Disorders and Treatment
- Mental Illness
- Bipolar Disorder
- Mood Disorders
- Borderline Personality
- Mental Health Diagnosis
- Mental Health Treatments
- Alternative Meds
- Case Studies
A new study from Australia says that children born of fathers who are aged 29 or more are more likely to have mental illnesses than are children of younger dads. Countering this, children of younger mothers have a higher risk of some mental illness as well.
Previous study has found that autism rates rise as men become older and father children. The same is likely true of those father's grandchildren.
This new study from the Queensland Brain Institute used data from over two million people for a total of 42.7 million person years. Lead by Professor John McGrath, the study followed people with a broad range of disorders born from 1955 to 2007.
"We found that the overall risk for psychiatric disorders, in particular mental retardation, autism and schizophrenia, increased for those born to a father over the age of 29 years," McGrath said.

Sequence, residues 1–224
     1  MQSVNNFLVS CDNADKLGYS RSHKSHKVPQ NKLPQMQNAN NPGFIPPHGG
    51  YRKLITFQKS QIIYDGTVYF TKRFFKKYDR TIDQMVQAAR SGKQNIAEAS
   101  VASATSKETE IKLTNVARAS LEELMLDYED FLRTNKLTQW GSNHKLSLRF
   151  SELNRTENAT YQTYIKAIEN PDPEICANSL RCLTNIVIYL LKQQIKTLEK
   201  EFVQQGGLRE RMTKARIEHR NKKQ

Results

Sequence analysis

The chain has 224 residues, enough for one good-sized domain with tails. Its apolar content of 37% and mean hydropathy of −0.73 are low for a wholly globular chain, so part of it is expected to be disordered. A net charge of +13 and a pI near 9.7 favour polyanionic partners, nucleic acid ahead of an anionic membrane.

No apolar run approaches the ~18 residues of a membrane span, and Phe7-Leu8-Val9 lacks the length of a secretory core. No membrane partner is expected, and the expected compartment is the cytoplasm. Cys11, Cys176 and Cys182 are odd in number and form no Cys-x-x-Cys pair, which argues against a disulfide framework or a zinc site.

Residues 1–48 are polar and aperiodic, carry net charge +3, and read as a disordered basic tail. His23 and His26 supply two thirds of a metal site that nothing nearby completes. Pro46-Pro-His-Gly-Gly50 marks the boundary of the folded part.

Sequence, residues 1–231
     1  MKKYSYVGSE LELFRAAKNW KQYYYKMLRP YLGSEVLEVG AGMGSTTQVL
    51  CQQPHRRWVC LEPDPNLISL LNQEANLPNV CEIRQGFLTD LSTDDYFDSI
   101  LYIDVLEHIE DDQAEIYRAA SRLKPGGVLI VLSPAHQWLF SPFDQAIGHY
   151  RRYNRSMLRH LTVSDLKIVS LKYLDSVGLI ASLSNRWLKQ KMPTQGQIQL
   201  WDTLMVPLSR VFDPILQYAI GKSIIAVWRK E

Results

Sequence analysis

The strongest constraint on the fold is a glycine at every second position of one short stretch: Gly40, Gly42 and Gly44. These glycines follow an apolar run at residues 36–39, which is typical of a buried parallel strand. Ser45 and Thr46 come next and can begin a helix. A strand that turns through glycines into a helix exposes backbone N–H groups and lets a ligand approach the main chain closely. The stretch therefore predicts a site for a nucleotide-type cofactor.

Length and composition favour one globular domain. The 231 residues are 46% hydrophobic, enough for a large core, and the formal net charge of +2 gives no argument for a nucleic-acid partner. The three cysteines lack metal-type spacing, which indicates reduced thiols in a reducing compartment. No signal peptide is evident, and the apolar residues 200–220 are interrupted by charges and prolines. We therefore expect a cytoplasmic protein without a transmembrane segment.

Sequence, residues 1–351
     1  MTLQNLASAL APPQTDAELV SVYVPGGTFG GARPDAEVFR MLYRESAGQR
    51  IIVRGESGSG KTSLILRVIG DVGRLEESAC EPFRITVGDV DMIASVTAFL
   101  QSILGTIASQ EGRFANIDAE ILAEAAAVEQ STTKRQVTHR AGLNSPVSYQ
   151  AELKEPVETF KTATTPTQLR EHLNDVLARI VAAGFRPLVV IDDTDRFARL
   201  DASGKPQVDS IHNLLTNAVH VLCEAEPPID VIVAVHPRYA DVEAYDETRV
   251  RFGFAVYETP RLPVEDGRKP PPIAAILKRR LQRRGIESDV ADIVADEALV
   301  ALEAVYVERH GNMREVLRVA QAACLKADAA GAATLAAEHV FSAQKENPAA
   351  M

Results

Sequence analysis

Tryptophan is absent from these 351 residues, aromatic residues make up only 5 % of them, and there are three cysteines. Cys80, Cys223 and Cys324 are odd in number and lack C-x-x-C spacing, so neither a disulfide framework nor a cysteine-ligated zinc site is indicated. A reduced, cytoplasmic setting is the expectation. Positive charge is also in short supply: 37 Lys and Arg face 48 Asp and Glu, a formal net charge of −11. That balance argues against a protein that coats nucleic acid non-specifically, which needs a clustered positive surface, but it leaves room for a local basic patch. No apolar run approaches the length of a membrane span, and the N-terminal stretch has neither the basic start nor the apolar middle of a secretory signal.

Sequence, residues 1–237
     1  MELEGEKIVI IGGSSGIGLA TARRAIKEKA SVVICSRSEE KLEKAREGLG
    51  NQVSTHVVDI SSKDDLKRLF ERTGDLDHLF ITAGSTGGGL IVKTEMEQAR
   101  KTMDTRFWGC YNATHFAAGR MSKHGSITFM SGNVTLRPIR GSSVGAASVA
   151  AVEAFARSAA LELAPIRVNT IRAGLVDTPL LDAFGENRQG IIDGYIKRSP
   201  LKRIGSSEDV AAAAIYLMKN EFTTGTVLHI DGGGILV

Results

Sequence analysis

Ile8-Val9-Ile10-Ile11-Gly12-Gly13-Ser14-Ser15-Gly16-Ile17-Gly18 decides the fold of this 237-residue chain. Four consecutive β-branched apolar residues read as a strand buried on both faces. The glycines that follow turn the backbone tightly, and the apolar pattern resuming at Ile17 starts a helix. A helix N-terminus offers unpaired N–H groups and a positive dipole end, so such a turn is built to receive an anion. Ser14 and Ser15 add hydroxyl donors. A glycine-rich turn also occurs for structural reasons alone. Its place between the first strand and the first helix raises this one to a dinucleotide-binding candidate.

The study does have its weak points, however, including its inability to factor in other affects such as the higher likelihood of the father's death or serious illness during chidlren's developing years.
Source: Nature World News
The information provided on the PsyWeb.com is designed to support, not replace, the relationship that exists between a patient/site visitor and his/her health professional. This information is solely for informational and educational purposes. The publication of this information does not constitute the practice of medicine, and this information does not replace the advice of your physician or other health care provider. Neither the owners or employees of PsyWeb.com nor the author(s) of site content take responsibility for any possible consequences from any treatment, procedure, exercise, dietary modification, action or application of medication which results from reading this site. Always speak with your primary health care provider before engaging in any form of self treatment. Please see our Legal Statement for further information.